Building a tissue empire from the Adelaide Mill… England

Angela Dawson is a writer and poet who has featured on community radio and at various venues around Melbourne, Australia, since 2000. Originally from Manchester, England, this year saw the release of her first book, Like Two Mexicans Dancing, a nonfiction tale about falling in love with a fair-haired busker… 15,000km from home. A truly Australian romance, with a backdrop of incredible landscapes, perfect beaches and endless sunshine, this is the story of a little band on their way to the top. Details at: angelajdawson.com

consumerspeak

I used to delight in telling everyone that my dad sold toilet rolls for a living. Indeed, that’s how he ultimately made his fortune, supplying this essential, household commodity. Adelaide Mill was the site of his Oldham factory; the place from which he built his empire and retired early.

I remember asking him about their testing methods. The paper had to be sufficiently strong but light enough to flush around the U-bend. Back then we had regular Andrex adverts on the TV depicting a succession of frolicking Labrador puppies.

Having snaffled the end of the toilet paper, the puppy would unravel it through the endless corridors and rooms of an uncommonly large British home, to demonstrate its three defining qualities. Soft, strong and very long it may have been, but we had dad’s own brand, and we were never short of toilet paper in our house.

I grew up in a two-storey home in a family of four. It was the late seventies, early eighties; a time when people decorated their boxes of tissues under lacy doilies.

A wet wipe was a bit more exclusive. The moist towelette beguiled us with its compact practicality, and was associated with package holidays and overseas trips. Typically, it’d be found on your Spantax airline meal tray, individually wrapped amongst the cutlery, and you’d save it to use later.

At some point we had a plastic container of Wet Ones in the medicine cupboard at home. It was a product that was generally purchased for a summer holiday on an English beach; those halcyon days when you ate gritty sandwiches and got chased by wasps.

No-one really had paper napkins in constant supply, unless you had a birthday party, and needed something in which to wrap slices of cake for your guests.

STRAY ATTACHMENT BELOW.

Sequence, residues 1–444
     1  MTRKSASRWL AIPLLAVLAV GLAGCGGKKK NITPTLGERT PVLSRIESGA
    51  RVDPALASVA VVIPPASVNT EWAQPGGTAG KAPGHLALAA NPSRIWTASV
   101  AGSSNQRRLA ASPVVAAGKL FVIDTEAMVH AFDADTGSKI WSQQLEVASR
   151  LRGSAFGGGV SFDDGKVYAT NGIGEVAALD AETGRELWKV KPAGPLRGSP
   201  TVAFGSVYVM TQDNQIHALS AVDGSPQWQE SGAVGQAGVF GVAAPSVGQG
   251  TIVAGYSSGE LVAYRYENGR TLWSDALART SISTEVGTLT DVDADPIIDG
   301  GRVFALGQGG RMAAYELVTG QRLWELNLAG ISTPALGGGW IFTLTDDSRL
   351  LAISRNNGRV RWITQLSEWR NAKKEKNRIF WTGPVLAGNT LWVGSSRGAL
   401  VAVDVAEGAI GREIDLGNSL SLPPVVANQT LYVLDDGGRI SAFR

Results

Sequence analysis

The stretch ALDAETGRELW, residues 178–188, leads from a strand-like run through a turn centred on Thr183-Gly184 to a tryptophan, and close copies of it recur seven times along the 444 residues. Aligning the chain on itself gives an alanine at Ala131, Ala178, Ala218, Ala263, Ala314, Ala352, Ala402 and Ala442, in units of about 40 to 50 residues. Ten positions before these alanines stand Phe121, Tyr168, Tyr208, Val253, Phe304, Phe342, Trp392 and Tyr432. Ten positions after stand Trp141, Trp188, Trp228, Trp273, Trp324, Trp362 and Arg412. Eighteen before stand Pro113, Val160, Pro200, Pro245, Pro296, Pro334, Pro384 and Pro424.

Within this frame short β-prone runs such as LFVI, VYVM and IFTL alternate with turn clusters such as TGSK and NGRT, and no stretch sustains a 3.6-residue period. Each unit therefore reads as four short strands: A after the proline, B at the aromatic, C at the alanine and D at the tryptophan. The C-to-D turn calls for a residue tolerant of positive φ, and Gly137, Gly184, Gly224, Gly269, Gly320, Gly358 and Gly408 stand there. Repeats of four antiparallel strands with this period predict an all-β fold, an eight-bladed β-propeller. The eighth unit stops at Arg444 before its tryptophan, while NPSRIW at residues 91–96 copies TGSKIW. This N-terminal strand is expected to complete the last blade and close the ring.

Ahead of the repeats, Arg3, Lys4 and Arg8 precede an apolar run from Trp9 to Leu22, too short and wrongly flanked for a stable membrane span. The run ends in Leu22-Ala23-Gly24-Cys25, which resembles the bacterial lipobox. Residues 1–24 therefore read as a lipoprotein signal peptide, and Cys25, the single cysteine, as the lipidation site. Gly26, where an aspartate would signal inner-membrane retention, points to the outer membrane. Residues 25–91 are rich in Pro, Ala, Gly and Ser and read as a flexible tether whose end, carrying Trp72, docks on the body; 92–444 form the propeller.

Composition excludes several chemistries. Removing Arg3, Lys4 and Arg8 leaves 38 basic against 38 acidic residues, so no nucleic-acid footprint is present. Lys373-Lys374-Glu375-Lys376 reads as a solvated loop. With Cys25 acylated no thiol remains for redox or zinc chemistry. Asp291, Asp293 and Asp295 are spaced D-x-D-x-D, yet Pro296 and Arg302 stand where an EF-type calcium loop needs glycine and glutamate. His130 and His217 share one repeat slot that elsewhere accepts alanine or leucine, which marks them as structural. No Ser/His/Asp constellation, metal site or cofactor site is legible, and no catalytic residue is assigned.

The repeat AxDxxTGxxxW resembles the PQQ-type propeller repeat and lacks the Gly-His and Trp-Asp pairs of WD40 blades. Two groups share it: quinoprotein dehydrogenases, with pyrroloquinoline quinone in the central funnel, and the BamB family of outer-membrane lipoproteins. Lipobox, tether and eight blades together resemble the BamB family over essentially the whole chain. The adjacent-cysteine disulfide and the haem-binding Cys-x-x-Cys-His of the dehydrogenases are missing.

We always had cloth napkins at the table, and learned the correct dining etiquette at a young age. Sunday roast was when they came out, and at Christmas of course.

These days, living in Melbourne,  Australia, I have an array of tissue items in my cupboards. Products are readily available from discount shops, chemists and supermarket chains.

I have the obligatory toilet rolls – so, whatever is on-sale at any supermarket, with most sheets per roll – and I don’t bother with perfumed, bleached, embossed, or three ply.

I’d never think to buy my products online, especially toilet paper, given it implies a level of stealth that seems unnecessary.

I’m quite happy to buy recycled or forest-friendly tissue products when available, but paradoxically, some of the green products I’ve seen in supermarkets come wrapped in plastic.

Then there’s kitchen roll, which makes ideal square napkins, and helps with the clean-up after cooking – especially with oil, which you don’t want to go down the sink if you’re eco-friendly.

It’s also really handy for cold food storage. A sheet of it in the broccoli bag in the fridge will soak up condensation, and keep it fresher for longer.

Kitchen roll makes the perfect wrapping for the smashed smithereens of your only, singularly most favourite insulated glass mug. I’ve also been known to use kitchen paper when the chain comes off my bike and I need something disposable to handle it.

As for the humble box of tissues, I always have a supply, always in white (which seems fresher for some reason), and I never go out without a handful of them in my bag. The box has a prominent position on my bathroom dresser, since I draw the line at disguising them under anything lacy. I couldn’t do without them, for that random sniffle, but I’m not fixated on a brand. I might buy them at Aldi for $1 a box.

Working in a hospital, we use a lot of paper towels as well as disposable masks, and have paper gowns donned by all staff when a patient is in an isolation room.

Paper napkins are everywhere here, in cafés and take-away outlets, and I do buy them sometimes, often to match the theme of the occasion. They’ve become an accessorised feature of your table decoration now, sold in kitchenware shops to complement your dinner service.

Party supply shops have a huge catalogue of designs and shapes, depicting flora, fauna and all manner of creatures, real or imagined. However, I have a vintage Bakelite cake stand, and tend to buy either paper doilies or any retro print that will complement its pastel colours.

I’ve done my share of trotting around the globe. In Poland, in the years before  the wall came down, they used to have stern faced Toilet Supervisors at the entrances to most public facilities. On arrival, they would hand you two squares of paper.

All through Eastern Europe in 2007, I was made to pay when visiting public toilets, and toilet paper varied from rough to greaseproof.

Some products now are being made from bamboo fibre, and I’d try them if I ever saw them in the shops. I found an American company online (us. whogivesacrap.org) that uses bamboo, as well as recycled paper and even sugarcane in their products.

Their irreverent website reminds me of radio adverts that were recorded for my dad’s tissue business many years ago… toilet tissue that would wipe your cares away.

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